Shortly after completion, Emerge will officially open its doors for the men’s program, and organizers will begin work to get the women’s side up and running.
Emerge leaders are asking residents, business owners and community leaders to get involved, saying the opening of the women’s side and the official start of the emancipation program will very much depend on the level of community support.
“We are looking for people who can become mentors and people who can volunteer, in addition to individuals and organizations who are able to donate,” said Kip Morris, co-founder of Emerge and CEO of Five Star Home Services.
Emerge’s founders are all business owners of Five Star Home Services, which offers plumbing, HVAC, and electrical services. Five Star is donating a portion of their profits to Emerge, donating time and nearly $200,000 in plumbing materials toward the renovations.
Five Star also will serve as a second-chance employer for those who go through the program. Five Star already has more than 100 full-time employees at various stages of their recovery.
Emerge’s model aims to give those recovering from substance abuse the tools and knowledge to have a career and a stable income; and to supply local plumbing, HVAC, and electrical businesses with more skilled workers.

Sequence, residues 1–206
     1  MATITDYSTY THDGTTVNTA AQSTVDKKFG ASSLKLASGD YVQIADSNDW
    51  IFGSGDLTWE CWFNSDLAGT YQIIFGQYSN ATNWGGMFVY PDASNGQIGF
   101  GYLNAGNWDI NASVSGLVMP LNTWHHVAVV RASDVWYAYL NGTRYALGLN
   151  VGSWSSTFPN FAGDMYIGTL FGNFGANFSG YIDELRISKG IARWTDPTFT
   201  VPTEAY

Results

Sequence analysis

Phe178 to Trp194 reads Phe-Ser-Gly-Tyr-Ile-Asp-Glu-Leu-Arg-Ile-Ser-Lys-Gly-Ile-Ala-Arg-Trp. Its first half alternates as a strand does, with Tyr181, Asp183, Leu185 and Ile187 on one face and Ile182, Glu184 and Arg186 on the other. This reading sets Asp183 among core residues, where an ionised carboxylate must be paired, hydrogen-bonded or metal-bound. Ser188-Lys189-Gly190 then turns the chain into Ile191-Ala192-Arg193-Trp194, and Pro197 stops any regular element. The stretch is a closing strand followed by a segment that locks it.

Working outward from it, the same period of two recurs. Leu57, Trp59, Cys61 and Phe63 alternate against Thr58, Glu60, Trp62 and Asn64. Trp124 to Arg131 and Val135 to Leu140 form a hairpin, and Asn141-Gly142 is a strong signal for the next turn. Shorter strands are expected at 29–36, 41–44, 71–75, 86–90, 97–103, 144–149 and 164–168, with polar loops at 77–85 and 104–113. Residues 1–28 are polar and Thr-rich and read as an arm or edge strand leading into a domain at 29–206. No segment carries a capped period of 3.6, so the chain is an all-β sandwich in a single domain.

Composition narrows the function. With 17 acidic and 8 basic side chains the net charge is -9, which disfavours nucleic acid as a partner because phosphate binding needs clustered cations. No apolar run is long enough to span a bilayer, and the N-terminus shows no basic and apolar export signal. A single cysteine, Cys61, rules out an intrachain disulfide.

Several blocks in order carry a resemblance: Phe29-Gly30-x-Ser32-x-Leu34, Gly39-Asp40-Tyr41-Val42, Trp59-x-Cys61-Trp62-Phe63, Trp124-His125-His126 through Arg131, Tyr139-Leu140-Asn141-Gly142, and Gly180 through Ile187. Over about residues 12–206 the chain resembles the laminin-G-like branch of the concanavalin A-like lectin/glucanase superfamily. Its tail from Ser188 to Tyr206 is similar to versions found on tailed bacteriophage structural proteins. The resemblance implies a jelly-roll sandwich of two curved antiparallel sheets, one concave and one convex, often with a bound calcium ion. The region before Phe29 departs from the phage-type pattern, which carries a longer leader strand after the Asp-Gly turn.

Those workers are currently in high demand, as many electricians and other trade workers are reaching retirement age. Demand for HVAC technicians is expected to increase by 13% in the next several years, with more than 46,000 new jobs, according to the Bureau of Labor Statistics.
With the skilled workforce strained and addiction a continuing issue, employment is an essential component for people trying to walk into long-term recovery successfully and walk away from a life of drugs and alcohol, said Nathan Crago, director of recovery services at Emerge.
“There are so many important things tied into gainful employment other than income,” he said. “Gainful employment helps people in recovery with their sense of self-worth and their self-esteem. It’s also important to have financial security and financial independence.”
Christian Life Center, one of the largest churches in the Dayton area, recently awarded the project $175,000 grant, and CLC volunteers helped with the demolition of the former career center building in June.